First traffic-free plaza trial at Dublin’s College Green begins today

Cars, buses, taxis to be banned from junction of George’s Street to College Green

Cars, buses and taxis are banned from the junction of George’s Street to College Green for the first of three trial runs to test out plans for a civic plaza.

Dublin's College Green will be given over to pedestrians and cyclists today in the first trial run of the traffic-free civic plaza since its rejection last year by An Bord Pleanála.

More than 20 bus routes will be diverted from the area to facilitate a range of family activities, including outdoor art classes organised by the Hugh Lane Gallery. Cars and taxis will also be banned from the junction of George’s Street to College Green.

The board last November refused permission for Dublin City Council's €10 million plaza scheme due to concerns about the "significantly negative impacts" it would have on bus transport, and traffic in the city. The plaza plan would have seen a ban on all traffic, including buses and taxis, from accessing Dame Street through College Green.

The council plans to submit a fresh application to the board later this year, but has decided to close College Green to all traffic today and for the next two Sundays between 7am and 7pm, to test out the popularity of the plaza and iron out any logistical difficulties.


Southbound buses which normally traverse College Green to head west on Dame Street will be diverted down Westmoreland Street and onto the south quays. Northbound buses will be diverted through the Christchurch area and down Winetavern Street to the north quays, a plan which Dublin Bus had described at "socially regressive" when the council made its last application for the plaza.

Motorists heading east on Dame Street towards College Green, will be directed to take a right turn onto George’s Street, a manoeuvre which has been illegal for many years. Some buses will also use this right hand turn to reach the south of the city.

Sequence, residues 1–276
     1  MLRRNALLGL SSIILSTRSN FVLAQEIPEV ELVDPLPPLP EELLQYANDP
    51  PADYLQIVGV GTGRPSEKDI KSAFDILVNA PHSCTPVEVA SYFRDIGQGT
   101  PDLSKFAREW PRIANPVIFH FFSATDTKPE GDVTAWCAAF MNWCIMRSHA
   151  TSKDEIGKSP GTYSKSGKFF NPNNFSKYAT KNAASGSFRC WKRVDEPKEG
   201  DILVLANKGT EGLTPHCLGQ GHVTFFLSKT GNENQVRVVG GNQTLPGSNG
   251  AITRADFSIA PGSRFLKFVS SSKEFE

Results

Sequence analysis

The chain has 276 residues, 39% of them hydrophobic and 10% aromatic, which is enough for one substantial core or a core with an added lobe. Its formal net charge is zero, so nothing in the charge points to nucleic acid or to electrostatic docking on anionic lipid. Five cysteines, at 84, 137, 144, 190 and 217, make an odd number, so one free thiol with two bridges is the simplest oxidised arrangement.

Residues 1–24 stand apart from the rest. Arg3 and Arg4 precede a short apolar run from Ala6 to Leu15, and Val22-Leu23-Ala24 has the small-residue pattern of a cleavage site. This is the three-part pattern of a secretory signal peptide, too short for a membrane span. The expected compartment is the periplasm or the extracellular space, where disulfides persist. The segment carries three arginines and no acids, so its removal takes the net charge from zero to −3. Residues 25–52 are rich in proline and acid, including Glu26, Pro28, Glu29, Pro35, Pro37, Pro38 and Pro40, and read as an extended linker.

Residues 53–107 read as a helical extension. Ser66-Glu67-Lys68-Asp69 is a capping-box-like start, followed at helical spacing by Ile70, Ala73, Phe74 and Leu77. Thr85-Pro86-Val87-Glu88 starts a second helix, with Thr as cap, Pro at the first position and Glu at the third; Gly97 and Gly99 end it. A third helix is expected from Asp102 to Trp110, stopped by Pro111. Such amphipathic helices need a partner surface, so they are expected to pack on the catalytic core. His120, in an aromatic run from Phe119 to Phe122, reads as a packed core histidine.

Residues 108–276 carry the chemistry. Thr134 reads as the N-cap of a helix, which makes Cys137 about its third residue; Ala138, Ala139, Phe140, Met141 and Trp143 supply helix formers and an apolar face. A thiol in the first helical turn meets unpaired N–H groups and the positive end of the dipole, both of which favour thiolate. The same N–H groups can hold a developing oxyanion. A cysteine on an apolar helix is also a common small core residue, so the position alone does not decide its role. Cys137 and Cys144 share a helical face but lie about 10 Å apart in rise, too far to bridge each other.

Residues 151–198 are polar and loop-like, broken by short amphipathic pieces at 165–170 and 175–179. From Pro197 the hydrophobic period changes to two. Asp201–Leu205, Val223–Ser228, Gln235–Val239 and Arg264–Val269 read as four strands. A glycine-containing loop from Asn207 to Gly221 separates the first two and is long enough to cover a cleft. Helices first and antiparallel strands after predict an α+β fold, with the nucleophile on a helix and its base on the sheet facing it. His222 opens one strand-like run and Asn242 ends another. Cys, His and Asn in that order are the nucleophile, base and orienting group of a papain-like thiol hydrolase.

The taxi ranks at Foster’s Place and at College Green will be closed, but a temporary extended taxi rank will be available on D’Olier Street. The Luas will operate normally.

College Green in Dublin city centre has been closed to traffic today and converted into a plaza. Photograph: Nick Bradshaw/The Irish Times
Last November An Bord Pleanála refused permission for Dublin City Council’s €10 million plaza scheme due to concerns about the ‘significantly negative impacts’ it would have on bus transport, and traffic in the city. Photograph: Matt Kavanagh

A temporary two-way cycle lane will be in operation on the southern side of College Green for the day. This cycle lane was part of the council’s plans for the plaza when it applied to the board in May 2017.

Art classes

The council’s head of traffic management Brendan O’Brien has said the council is not planning to redesign the plaza when it makes its new submission to the board, but will instead provide more information on the traffic and transport implications of the scheme, particularly in relation to buses.

Today artists from the gallery will hold sketching and drawing classes in College Green at noon, 1pm, 2pm and 3pm with no booking required and all material supplied. The event will also feature interactive street art, 3D pavement illusions and face-painters.

On July 28th, the area will play host to a science-based event called Explore and Create including a range of science and technology attractions from the past, present and potential future with the opportunity to participate in interactive workshops.

The first week of August is International Clown Week and to celebrate, the final event on August 4th will be a “city carnival”. In addition to performances from a number of individual artists and groups, there will be an antique carousel, while face-painters, stilt-walkers, jugglers and mime artists will host workshops to give families the chance to try out some basic circus skills.

Business group Dublin Chamber has welcomed the plaza trial. "We put the idea out to our members and about three quarter thought the trial was a good idea," head of communications Graeme McQueen said. "It's a good move and hopefully it will educate the process and educate the next stage of the plaza."

Olivia Kelly

Olivia Kelly

Olivia Kelly is Dublin Editor of The Irish Times